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July 23, 2017

California housing crisis

by Bob Schwartz

California housing crisis 2017

My personal view and opinion on the crisis in California housing.

Personally, just to keep things pretty simple it’s a well-known fact that here in San Diego County, a huge percentage of the new homes building cost (I believe in the 40% range) is comprised of city and state building and construction fees. So, why do we need a special councils always investigating our problem when it’s quite obvious that our own city and state have created most of these problems by their onerous imposition of government fees.

California housing crisis

California housing crisis

This is true not only for the individual homebuilder, but also the large corporate tract builders as well. Naturally, to stay in business all these cost are included in the final selling prices.

California pending home sales California housing crisis

Did you know that in 2014, California ranked a miserable 49th in homeownership rates among states? Also California finished dead last in overall affordability, with prices in Los Angeles County rising 6.5 percent over the last year, according to data from CoreLogic. As a result, Californian homeowners spend the highest amount of their annual income—25.4 percent—on housing!

California housing crisis

Naturally, compounding the problem of housing in California is the never-ending and costly maze of city and state requirements that are necessary before even starting any development. So, it should come as no surprise that there’s been a startling lack of new housing construction in California.. Recent studies found that, between 2005 and 2015, housing permits were filed for only 21.5 units of housing for every 100 new residents of the state. This has led to increased rental housing prices and more cases of home and room sharing.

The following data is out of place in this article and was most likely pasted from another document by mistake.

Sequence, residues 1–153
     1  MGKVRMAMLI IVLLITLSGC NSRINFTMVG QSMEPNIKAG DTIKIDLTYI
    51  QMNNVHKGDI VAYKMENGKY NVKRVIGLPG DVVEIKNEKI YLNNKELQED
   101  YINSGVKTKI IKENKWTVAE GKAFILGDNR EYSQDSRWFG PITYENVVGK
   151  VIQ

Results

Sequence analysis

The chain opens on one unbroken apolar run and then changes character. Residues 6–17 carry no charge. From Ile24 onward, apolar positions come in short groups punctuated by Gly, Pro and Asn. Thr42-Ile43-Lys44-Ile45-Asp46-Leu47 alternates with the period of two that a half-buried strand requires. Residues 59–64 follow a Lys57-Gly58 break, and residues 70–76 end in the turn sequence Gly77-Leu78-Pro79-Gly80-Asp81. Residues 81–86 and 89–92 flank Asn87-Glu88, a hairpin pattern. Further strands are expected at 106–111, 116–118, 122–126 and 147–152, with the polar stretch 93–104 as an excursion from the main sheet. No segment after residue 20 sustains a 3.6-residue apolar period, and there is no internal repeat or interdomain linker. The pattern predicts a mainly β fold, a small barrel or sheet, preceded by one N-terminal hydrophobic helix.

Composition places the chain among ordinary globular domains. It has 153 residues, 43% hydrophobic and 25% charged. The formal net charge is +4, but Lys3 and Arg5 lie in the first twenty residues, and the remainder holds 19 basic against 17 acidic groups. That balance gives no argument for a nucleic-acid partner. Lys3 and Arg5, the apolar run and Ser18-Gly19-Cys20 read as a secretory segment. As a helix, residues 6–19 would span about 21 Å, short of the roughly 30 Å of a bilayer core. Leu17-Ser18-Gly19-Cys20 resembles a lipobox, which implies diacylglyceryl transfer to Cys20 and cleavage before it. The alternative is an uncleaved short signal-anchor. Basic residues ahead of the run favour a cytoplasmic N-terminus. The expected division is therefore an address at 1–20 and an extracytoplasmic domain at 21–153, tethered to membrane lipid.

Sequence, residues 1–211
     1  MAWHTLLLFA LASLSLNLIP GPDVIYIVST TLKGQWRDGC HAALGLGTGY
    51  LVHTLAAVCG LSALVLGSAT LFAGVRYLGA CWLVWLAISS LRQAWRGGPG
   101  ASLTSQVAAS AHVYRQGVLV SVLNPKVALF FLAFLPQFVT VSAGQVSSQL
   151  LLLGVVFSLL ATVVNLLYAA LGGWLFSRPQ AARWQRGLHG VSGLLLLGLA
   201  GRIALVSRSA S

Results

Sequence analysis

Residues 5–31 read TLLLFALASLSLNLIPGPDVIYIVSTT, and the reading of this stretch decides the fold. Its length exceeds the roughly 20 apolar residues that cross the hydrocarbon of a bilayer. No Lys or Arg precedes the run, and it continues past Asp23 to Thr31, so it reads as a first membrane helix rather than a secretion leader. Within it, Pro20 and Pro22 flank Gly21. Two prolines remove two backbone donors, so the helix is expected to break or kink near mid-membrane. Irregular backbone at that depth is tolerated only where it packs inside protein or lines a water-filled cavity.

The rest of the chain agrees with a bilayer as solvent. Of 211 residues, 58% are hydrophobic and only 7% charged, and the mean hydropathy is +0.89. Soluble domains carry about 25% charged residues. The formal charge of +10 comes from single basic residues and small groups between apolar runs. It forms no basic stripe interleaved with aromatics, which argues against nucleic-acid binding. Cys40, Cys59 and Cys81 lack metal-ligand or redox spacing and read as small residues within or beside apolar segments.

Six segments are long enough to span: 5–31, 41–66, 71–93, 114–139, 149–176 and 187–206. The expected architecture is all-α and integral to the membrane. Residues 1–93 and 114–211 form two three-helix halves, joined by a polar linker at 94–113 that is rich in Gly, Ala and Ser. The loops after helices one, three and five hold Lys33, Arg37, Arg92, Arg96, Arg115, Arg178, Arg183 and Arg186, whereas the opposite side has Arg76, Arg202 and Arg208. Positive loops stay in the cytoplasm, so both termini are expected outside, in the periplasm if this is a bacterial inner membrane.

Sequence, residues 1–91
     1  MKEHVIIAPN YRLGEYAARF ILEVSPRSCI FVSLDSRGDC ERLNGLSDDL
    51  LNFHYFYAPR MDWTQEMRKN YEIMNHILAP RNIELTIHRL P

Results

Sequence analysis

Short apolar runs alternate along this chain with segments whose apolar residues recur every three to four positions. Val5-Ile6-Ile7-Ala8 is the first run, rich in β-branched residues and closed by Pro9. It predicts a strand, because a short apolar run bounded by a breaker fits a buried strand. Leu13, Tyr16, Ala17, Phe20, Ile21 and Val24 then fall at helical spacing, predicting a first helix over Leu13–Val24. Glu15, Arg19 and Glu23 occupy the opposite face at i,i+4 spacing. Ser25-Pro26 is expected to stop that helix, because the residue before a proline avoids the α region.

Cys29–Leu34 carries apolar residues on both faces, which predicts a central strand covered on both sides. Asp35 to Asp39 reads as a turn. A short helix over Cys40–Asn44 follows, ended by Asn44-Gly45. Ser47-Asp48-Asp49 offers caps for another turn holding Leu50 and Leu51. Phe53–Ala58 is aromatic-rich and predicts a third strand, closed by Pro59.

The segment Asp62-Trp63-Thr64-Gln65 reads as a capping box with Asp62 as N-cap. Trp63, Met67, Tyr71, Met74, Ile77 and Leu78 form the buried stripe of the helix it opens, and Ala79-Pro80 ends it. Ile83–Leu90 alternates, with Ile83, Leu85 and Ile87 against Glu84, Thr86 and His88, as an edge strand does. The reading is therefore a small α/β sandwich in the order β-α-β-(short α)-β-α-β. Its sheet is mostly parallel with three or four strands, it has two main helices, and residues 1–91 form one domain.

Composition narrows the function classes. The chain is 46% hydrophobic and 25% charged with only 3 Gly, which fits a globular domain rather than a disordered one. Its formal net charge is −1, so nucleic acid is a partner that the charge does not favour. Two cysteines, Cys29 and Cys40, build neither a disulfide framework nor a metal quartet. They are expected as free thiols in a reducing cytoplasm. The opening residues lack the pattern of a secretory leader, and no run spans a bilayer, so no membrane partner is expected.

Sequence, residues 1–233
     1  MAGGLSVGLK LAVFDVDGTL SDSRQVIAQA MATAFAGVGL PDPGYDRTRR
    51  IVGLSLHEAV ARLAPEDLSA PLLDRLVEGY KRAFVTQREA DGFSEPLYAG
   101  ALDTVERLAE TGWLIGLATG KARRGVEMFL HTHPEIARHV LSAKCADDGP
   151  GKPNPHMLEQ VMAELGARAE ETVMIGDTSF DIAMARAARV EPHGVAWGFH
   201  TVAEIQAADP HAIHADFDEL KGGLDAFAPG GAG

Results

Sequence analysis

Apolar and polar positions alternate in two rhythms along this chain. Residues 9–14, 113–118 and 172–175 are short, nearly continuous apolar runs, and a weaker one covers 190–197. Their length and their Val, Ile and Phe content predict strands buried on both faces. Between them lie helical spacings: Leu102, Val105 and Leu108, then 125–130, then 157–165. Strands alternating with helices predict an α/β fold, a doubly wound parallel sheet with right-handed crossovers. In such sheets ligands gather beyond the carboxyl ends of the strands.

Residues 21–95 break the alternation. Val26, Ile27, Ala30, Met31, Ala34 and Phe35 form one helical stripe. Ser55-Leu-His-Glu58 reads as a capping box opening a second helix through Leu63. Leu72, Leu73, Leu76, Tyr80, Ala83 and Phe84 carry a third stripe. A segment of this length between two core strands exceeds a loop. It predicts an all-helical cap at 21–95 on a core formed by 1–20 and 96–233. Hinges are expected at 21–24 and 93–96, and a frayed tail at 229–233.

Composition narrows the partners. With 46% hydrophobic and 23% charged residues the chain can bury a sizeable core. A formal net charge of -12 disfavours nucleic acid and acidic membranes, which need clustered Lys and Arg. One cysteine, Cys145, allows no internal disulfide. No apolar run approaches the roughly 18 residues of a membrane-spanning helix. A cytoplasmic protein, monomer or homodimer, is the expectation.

It would seem that California’s solution to the crisis is not the obvious reduction of fees and streamlining permanent processes, but, to drive the narrative that living in the major cities and especially in tiny and cramped apartments and houses is the correct thing to do, not only to mitigate the housing shortage but to ‘protect the environment’ as well.

The California major news sources are always publishing articles on the advantages of living in the inner-city, raising a family in under 600 ft.² or less, and naturally substituting environmentally damaging motor vehicles for bicycles.

This sounds pretty disingenuous when you consider the real lifestyles of our California politicians, elites and media.

 

 More info – NY Times article

 

California housing crisis

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